Big News!!

Good morning from the cold, cloudy and breezy Eastern Shore of Maryland!  It sure feels more like April than June around here.  Osprey Girl and her friends are at the beach for a week.  I can’t help but wonder what a bunch of 17 and 18 year olds do at the beach when it is 59 and rainy, but I guess I really don’t want to know.  She will be off on her own in a couple of months anyway, so I guess I need to worry about something else, like baby ospreys!

What did I say?  Baby ospreys?  But the window for Tom and Audrey’s eggs to hatch has passed, you say!  Do you all remember the title of my last blog, “It’s Not Over Till It’s Over”?  Well, our dear friend and osprey expert Dr. Paul Spitzer came up with a remarkable idea, although to him, it was just another day in the osprey world.  During his many years as an ornithologist, Dr. Spitzer has conducted many, many scientific studies.  Early on in his career, he was studying the effects of DDT on raptor eggs and survivability.  As a major part of his study, he moved eggs and chicks from nests in Connecticut to nests in the Chesapeake Bay, and vice versa.   The survivability of the chicks that were moved from nest to nest was excellent.  According to Dr. Spitzer, the parenting instinct of ospreys is mighty fine, even for chicks that are not their own.  He suggested that we place a foster chick in Tom and Audrey’s nest, and see what happens.  Dr. Spitzer is quite confident that Tom and Audrey will make great foster parents.  Additionally, he feel it would be a shame to waste all of the technology that is in place to be able to watch our nest.  So here is a Facebook post that was just entered onto the Chesapeake Conservancy’s site:

The Chesapeake Conservancy has been in touch with several government agencies and raptor biologists about the possibility of Tom & Audrey fostering chick(s). Each year, a growing number of osprey construct nests on navigational markers, boat docks, bridges, airport communication beacons and numerous types of other elevated structures near water, including cell towers. In some cases, according to Craig Koppie, USFWS Raptor Biologist at the Chesapeake Bay Field Office in Annapolis, Maryland, these nest locations may pose a safety risk to the pair or their young or may interfere with 911 emergency communications. If there is a problematic or nuisance nest that is deemed a hazard and meets the requirements for nest removal, efforts are made to relocate either eggs or young to foster nests if opportunities become available. The word is out in that community that Tom & Audrey could be great foster parents.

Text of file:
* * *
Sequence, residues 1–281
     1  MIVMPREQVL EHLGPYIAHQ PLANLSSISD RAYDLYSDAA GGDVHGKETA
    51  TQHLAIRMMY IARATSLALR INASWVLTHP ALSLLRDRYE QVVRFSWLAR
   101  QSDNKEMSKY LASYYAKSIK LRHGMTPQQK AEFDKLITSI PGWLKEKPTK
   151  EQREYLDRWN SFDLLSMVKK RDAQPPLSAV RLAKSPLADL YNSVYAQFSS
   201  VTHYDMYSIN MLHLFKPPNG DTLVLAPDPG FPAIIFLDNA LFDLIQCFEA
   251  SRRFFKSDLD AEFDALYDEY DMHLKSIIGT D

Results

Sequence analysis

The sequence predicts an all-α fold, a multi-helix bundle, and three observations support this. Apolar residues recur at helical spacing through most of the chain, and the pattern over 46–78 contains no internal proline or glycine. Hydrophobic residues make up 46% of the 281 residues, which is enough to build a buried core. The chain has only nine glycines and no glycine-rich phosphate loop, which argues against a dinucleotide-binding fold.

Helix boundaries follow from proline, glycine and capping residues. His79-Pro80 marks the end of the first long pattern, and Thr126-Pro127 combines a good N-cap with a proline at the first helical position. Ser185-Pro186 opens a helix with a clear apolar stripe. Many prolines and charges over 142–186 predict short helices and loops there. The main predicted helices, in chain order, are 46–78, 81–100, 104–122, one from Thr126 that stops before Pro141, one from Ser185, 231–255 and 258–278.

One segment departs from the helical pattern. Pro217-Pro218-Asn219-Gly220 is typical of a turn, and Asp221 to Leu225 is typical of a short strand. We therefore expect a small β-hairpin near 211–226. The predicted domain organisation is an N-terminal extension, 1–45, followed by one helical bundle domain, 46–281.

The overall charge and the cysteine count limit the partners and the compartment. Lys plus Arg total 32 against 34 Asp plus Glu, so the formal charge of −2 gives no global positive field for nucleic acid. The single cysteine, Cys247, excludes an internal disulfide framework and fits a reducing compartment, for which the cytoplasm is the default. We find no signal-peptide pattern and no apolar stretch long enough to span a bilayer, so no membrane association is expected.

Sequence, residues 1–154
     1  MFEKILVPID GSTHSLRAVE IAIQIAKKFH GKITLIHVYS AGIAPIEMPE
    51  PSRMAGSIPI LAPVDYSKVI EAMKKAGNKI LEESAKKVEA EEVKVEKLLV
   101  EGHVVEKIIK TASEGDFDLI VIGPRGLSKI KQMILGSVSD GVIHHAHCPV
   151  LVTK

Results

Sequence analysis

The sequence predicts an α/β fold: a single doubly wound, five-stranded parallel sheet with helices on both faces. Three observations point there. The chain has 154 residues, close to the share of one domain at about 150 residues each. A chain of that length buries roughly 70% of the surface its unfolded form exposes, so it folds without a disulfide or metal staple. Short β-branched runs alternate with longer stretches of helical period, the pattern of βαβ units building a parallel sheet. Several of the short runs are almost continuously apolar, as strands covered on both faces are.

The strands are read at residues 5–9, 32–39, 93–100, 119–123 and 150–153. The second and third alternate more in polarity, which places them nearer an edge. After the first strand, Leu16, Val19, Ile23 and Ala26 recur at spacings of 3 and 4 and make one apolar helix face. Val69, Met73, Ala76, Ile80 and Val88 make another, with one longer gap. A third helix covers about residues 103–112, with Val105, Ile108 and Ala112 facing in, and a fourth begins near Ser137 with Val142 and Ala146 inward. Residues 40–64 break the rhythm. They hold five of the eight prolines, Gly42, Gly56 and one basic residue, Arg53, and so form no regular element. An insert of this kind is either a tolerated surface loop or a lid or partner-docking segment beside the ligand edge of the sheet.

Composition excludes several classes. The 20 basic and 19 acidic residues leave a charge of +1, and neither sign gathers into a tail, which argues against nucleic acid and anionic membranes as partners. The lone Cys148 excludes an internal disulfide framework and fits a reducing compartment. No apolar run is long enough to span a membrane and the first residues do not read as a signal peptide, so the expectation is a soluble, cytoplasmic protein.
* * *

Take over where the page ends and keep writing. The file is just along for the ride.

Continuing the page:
We are standing by to facilitate should this possibility come to fruition. Stay tuned!

Now, as you all know, there are no guarantees when it comes to Mother Nature and her stubborn ways.  But this is certainly a wonderful development.  And if we have success, may I suggest the name of Annie or Oliver, two other famous orphans?  We will keep you all posted!

In the meantime, we remain-

Crazy Osprey Man, Mrs. Crazy Man and Osprey Girl

Here is our first contestant for the “Where In The World Are Tom and Audrey?” contest:

Fran+, blog commentor extraordinaire, watching the ospreycam from Maryland

Fran+, blog commentor extraordinaire, watching the ospreycam from Maryland

If you are enjoying the osprey camera and blog, please consider a donation to the Chesapeake Conservancy so they are able to continue supporting programs such as this one.  Go to http://chesapeakeconservancy.org today.  Thanks very much.

493 thoughts on “Big News!!

  1. Just found (by accdent) a fabulous article by ‘our’ Dr. Paul Spitzer! It’s on blog.explore.org. Explore is a philanthropic media organization. Here’s the site: http://blog.explore.org/osprey-expert-paul-spitzer-on-nestlings/ Dr. Spitzer answers a lot of the questions I’ve seen posted here. Enjoy!! (It may take a bit before it shows up here because it contains a web address…). Funny, he evens explains osprey guano… 🙂

  2. Thanks, Susan! Great news. I was getting relaay worried. I picked random times to check in hopes of catching sight of them.

  3. RAINING ON MISS AUDREY, AND THE CHILDREN, I KNOW SHE HAS THOSE BABIES WRAPPED UP TIGHT !! PRAYERS THAT EVERYTHING WILL BE ALRIGHT !!~~~I WOULD GLADLY HOLD AN UMBRELLA IF I COULD !!

  4. BILL C, I VISITED THE UK SITE TODAY, AND I AM AMAZED THAT THE CHICKS JUST STOOD THERE, AND ALLOWED MOM TO FEED THEM, ONE AT A TIME. AMAZING, SHE HAD A WHOLE FISH, IT IS REALLY HARD WORK TO WORK WITH A WHOLE FISH. IT WAS AMAZING . I CHECKED EARLIER, THEY ARE ALL ASLEEP, MOM INCLUDED, IN A ROW. A CHICK, MOM, THEN A CHICK, THEN A CHICK, OH YEAH THE SONG GOOD ONE. POINT OF THIS IS I HAVE NEVER SEEN THIS BEHAVIOR ON OUR SITES IN TH STATES. DO YOU SUPPOSE THAT THEY ARE USING PROPER ENGLISH BEHAVIOR ?? SERIOUSLY NO SOUND, BUT VERY PROPER BEHAVIOR. TOMORROW MAY BE A DIFFERENT STORY !! THANKS FOR SHARING THIS !!

    • Good morning everyone,
      I’m getting the same post over and over and none of the new ones. Is anyone else having this problem?
      Have a wonderful day 🙂
      Thank you!